Keep It Hid
Label: Nonesuch Records
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A frequent criticism laid on Akron, Ohio duo The Black Keys is that electric white-boy blues has been done to death. What these detractors don’t take into consideration is that guitarist/singer Dan Auerbach isn’t necessarily mining a long-stagnant musical idiom for its proven accessibility to a mainstream music-buying audience. It’s more that it’s just what he does. Auerbach is sort of a man out of time. The Keys, like an increasing number of other artists, have no qualms with licensing their tunes to sell underwear or cars, bespeaking a lack of self-consciousness that carries into the way Auerbach comes across in interviews. After the release of 2006’s Magic Potion, Auerbach told one interviewer, without irony, that he’d been listening to a lot of rock music lately- a weird statement coming from the guitarslinger of a band lauded by rock purists. In another interview with NPR’s All Songs Considered, Auerbach discussed his all-time favorite autoharp players (drummer Pat Carney quickly made fun of him, saying he loves the work of “Obscure Guy Blah Blah Blah”).
Furthermore, in Rolling Stone’s 2008 year-end coverage, the magazine asked a group of artists to name their favorite records of the year. In amongst nods to Beyonce and Lil Wayne, Auerbach went on record as saying his favorites were two re-issues of 1960s sessions from one-time Buddy Holly producer Norman Petty, both of which incidentally were re-released in 2007. The man is such a dyed-in-the-wool admirer of music of days gone by that decades and fads since have had no bearing on what he does artistically; Auerbach plays white-boy electric blues because he happens to be a white boy who loves and plays electric blues.
Ostensibly, much of the proceeds from the aforementioned licensing deals went toward Auerbach building and operating his own all-analog studio, Akron Analog. It’s here, in between recording debuts by Texans Hacienda and Ohioan protegee Jessica Lea Mayfield, that Auerbach found time to record debut solo album Keep It Hid. As a producer, he’s easily found a trademark style, and Keep It Hid is no different. It’s warm, full and has a spaciousness often sorely lacking from today’s ultra-loud compressed rock records. On “Heartbroken, In Disrepair,” Auerbach demonstrates his knack for finding an arresting vibe on his recordings; here, a typical blues chord progression is tripped up by a hard tremolo, the result being trippy slow-motion riffing. Like Hendrix’s version of “All Along the Watchtower,” “Mean Monsoon” creates its own bizarre environment where the normal laws of rock physics do not apply. The gentle “When the Night Comes” (featuring Mayfield) could be a lullaby to his young daughter but is worth mentioning for what sounds like a stately mellotron providing the bed for the song.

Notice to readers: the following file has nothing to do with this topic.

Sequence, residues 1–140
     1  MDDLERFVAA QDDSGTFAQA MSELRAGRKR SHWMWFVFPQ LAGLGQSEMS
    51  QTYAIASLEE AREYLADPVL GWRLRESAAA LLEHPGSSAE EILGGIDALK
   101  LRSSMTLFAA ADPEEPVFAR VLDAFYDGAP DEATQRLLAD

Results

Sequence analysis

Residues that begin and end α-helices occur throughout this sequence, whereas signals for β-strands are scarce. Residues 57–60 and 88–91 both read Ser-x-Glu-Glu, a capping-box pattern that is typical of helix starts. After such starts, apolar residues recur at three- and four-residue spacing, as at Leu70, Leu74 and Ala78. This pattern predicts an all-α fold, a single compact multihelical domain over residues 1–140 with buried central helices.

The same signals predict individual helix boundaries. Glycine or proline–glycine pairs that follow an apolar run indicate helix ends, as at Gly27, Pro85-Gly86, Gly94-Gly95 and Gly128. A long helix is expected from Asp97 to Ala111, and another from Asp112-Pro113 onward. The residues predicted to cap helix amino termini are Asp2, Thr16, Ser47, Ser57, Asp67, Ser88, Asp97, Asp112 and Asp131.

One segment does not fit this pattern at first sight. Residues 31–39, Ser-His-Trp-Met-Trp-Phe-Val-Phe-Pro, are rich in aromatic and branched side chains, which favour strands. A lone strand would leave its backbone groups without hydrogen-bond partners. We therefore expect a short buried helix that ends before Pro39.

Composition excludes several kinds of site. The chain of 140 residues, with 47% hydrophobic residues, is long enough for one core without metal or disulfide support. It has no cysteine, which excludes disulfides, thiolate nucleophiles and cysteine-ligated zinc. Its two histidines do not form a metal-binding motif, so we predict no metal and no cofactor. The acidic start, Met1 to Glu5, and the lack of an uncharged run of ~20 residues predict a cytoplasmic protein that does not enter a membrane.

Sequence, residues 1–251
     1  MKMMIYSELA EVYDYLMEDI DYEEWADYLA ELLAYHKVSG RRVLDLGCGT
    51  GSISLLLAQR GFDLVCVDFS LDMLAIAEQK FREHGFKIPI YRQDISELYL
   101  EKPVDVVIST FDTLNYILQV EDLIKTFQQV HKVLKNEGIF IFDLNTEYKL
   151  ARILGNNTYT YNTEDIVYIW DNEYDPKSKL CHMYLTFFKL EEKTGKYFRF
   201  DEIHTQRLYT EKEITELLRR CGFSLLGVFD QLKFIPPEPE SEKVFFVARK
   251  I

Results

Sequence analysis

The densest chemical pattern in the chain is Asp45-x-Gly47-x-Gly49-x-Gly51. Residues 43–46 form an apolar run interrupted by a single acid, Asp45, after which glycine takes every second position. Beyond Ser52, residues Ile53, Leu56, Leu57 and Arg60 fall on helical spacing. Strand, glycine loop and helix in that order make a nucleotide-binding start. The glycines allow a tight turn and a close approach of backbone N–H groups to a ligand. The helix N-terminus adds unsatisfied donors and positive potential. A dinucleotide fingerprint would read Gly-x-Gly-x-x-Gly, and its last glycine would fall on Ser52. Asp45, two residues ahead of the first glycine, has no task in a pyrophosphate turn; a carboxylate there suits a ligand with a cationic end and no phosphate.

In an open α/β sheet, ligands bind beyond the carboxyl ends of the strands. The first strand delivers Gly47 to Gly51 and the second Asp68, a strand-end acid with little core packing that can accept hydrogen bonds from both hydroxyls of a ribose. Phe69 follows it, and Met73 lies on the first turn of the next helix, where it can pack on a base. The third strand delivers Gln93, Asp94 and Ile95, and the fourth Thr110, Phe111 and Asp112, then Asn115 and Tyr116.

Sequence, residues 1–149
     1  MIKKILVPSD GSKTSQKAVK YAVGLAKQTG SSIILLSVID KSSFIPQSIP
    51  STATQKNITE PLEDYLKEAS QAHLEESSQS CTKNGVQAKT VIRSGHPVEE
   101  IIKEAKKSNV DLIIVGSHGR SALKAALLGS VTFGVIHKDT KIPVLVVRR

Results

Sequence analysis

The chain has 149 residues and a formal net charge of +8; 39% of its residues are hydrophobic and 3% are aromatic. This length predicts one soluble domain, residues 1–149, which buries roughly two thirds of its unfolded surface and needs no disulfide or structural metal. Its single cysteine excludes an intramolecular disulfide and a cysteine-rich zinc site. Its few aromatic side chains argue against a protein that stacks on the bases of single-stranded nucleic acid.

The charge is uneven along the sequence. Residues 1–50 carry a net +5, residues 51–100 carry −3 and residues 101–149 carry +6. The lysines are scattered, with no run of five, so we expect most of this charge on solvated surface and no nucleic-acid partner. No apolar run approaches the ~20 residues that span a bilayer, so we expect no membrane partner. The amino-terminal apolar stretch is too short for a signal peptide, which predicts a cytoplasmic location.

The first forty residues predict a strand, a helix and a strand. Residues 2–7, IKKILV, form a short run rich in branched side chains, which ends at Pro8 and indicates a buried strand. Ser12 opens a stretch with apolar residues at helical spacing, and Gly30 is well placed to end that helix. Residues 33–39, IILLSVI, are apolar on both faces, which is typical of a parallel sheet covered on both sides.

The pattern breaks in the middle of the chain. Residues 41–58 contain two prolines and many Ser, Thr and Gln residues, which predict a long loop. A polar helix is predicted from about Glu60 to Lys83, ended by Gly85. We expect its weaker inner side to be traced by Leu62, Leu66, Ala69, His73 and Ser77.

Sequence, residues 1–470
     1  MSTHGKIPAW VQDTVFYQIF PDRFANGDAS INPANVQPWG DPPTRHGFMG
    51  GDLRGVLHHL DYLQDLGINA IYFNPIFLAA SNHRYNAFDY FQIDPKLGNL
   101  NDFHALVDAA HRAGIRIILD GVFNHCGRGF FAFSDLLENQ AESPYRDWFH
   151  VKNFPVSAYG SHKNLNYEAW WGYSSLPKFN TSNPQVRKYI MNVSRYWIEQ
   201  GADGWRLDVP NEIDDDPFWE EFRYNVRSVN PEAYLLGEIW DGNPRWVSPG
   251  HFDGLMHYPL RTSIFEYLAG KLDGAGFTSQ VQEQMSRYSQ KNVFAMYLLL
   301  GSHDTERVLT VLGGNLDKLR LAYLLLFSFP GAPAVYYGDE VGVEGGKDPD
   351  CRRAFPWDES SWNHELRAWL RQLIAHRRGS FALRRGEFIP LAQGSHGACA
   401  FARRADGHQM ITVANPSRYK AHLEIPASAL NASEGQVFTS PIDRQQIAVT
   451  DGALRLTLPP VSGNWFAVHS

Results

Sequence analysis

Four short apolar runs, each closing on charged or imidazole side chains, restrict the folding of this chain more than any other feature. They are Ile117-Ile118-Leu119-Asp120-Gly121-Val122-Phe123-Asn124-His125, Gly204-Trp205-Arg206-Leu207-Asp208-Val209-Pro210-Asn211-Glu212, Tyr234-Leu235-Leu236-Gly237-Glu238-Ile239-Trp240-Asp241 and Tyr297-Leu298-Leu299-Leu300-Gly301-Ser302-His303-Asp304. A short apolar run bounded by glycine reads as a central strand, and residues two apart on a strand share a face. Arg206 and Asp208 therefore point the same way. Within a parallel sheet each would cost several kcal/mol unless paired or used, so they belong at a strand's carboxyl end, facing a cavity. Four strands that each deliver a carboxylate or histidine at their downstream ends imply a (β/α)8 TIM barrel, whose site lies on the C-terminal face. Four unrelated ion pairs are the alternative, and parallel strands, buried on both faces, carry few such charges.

For fans of the Black Keys, not to mention Auerbach himself, this record is interesting for the fact that he explores the sound of a full band. “Monsoon,” “Whispered Words” and the title track feature not just a bass, but an upright bass, lending the songs a latter day Waitsian bounce. The jaunty “My Last Mistake” sounds like a long-lost Creedence song – a three piece jamming away behind him earnestly. One does miss the presence of Pat Carney when a drum machine rears its electronic head on a few tracks, or when Auerbach strips it all away to perform acoustic ballads. While it’s still a pleasure to hear the man’s soulful voice, it puts full emphasis on his lyrics. Despite having written some interesting contemporary blues lyrics (“No Trust” and “Hard Row” from 2003’s thickfreakness), Auerbach isn’t exactly a wordsmith and his vocals have always been most satisfying as a beleaguered human wail struggling to be heard amidst the blistering howl of his overdriven amps.
Auerbach isn’t tempted into self-indulgence by the experimentation elbowroom a solo record affords him, which pays off. Last year’s Danger Mouse-produced Attack and Release was hampered by kooky arrangements that came off as kitschy claptrap (banjos, primal chants, and flute!). In fact, the weaker songs on Keep It Hid are the ones that most sound like Black Keys records, leaving the pop-oriented, out-of-character tunes being the strong suit. One may not need re-invent the wheel but there’s certainly something to be said for building a damn good one.
by Chris Middleman